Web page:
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Did you read these?

Water Hardness and pH in the Freshwater Aquarium

Total Solids (TSS and TDS) in the Freshwater Aquarium

Byron has the same water as yours....
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Old 09-08-2013, 11:00 PM   #5
 
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Quote:
Originally Posted by zackboll View Post
Any other suggestions? I have access to a reverse osmosis filter unit so I either need to mix that with tap water for buffering, or add a different buffering agent.

My tap water has KH of 2 and GH of 1 with a TDS of 180 ppm. It is strongly buffered to a PH of 8.0, not quite sure what buffering agent the water company is using.

I am looking for recommendations of KH and GH values to use for a tetra tank. I know that tetras like soft water... are tetras more susceptible to calcium carbonate or magnesium ions? I am interested in learning the water parameters of hobbyist that successfully keep tetras.

Another thing that I read in my search for answers is that too deep of a water depth can kill tetras during the acclimation process. I read that acclimating them in 6 inches or less of water for the first week will reduce losses. Has anyone else heard this or recommend this advice? I do have a rather deep aquarium and wonder if this may have been a contributing factor to my losses.

Thanks,
Zack
Isn't your water already soft? Or am I wrong?
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Old 09-09-2013, 09:03 AM   #6
 
Quote:
Originally Posted by Robbin48 View Post
Thanks Robbin, I did read Byron's post at some point during my google search.

In regards to whether my tap water is already soft, it may be soft in terms of KH and GH but I don't think it is in terms of TDS. Kind of like how water going through a commercial water softener is not really soft, just the Mg and Ca ions have been replaced with Na. I believe a TDS of less than 100 ppm is considered soft and less than 50 ppm is very soft? My tap water is around 200 ppm. I primarily got the RO unit for drinking water but would also prefer to use RO water because my tap has very high levels of chloramine.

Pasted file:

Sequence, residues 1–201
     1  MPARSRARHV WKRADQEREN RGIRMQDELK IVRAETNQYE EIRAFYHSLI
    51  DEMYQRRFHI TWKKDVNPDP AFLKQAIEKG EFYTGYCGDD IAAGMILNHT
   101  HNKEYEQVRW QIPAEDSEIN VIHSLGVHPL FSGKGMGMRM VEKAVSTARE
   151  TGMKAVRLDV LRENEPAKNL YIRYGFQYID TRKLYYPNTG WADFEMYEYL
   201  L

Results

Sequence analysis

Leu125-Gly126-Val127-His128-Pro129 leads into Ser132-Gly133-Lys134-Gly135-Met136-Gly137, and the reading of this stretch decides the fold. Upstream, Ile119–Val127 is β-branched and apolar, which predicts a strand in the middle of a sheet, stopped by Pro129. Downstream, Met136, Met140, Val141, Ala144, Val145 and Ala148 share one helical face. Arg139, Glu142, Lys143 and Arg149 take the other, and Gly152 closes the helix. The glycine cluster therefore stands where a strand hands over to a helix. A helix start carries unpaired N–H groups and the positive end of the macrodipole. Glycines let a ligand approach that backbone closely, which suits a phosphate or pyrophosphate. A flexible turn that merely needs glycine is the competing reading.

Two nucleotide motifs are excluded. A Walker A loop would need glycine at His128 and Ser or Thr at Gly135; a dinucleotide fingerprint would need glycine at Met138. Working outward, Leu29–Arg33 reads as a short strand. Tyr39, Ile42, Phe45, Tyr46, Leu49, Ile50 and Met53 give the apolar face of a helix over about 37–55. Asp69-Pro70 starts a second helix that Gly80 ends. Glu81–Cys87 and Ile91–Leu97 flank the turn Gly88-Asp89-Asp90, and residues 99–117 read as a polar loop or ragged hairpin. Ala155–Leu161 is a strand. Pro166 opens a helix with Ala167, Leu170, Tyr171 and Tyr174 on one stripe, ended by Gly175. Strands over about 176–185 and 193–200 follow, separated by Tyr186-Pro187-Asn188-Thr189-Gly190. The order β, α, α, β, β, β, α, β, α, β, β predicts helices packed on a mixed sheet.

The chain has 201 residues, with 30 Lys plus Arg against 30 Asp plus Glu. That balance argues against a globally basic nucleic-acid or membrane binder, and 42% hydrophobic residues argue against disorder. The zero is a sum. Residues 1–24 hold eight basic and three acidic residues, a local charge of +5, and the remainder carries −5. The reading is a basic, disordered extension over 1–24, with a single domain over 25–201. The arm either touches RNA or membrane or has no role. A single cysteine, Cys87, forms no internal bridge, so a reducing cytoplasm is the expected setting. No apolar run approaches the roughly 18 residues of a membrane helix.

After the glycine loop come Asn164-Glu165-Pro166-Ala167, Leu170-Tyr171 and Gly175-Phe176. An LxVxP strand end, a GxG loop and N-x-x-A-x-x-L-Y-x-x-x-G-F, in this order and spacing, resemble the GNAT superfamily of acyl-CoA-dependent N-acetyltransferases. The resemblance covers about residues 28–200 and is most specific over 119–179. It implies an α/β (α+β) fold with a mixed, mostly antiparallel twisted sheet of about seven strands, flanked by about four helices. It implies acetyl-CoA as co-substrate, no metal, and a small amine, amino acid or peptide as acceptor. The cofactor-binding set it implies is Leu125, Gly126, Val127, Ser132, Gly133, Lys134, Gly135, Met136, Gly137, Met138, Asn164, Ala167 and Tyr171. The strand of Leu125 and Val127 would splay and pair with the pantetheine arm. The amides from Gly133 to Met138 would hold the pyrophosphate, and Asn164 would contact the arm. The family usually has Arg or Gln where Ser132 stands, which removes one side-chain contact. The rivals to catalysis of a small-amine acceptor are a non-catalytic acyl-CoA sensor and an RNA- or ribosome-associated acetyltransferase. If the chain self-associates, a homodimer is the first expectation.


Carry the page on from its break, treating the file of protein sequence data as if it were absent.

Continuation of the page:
Anyway, I am definitely interested in hearing some number from people that successfully keep the more delicate tetras, the numbers I am interested in are

TDS
GH
KH

Thanks,
Zack
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Old 09-09-2013, 10:09 AM   #7
 
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Quote:
Originally Posted by zackboll View Post
Hi,

I recently setup a 72 gallon aquarium with an 18 gallon sump/ refergium. I let the tank cycle with about 4 fish for around 2 months (The fish that came with the bare tank). The tank contains around 140 lbs of eco-complete substrate and is heavily planted.

I recently placed a large order with liveaquaria.com which included the following tetras

3 penguin tetras
6 rummy nose tetras
6 gold neon tetras
6 neon tetras.
10 cardinal tetras.

The 6 rummy nose tetras were DOA so I wont include them in this discussion. The 10 cardinal tetras were backorder'd and arrived 5 days later than the rest of the tetras.

Unfortunately, I have had very high losses, currently 3 pengiuns, 5 gold, 6 neon, and 5 cardinal tetras are dead.

One thing that I believe contributed to the deaths was overdosing of seachem equilibrium with RO water. I did the serving on the bottle which recommended 1 tablespoon per 20 gallons (makes very hard water). I was also using a combination of acid buffer and alkaline buffer using the bottle dosing. When my fish started to die a few days later, I tried to figure out was was going on. My ammonia, nitrite, and nitrate were below test kit detectable levels when testing multiple times. I noticed some of the fish had bulging eyes and realized it may be the fish lost their ability to regulate osmotic pressure. When I tested the TDS of the water, it was around 550 ppm. I had trouble finding literature on the recommended TDS but I felt the level was far too high.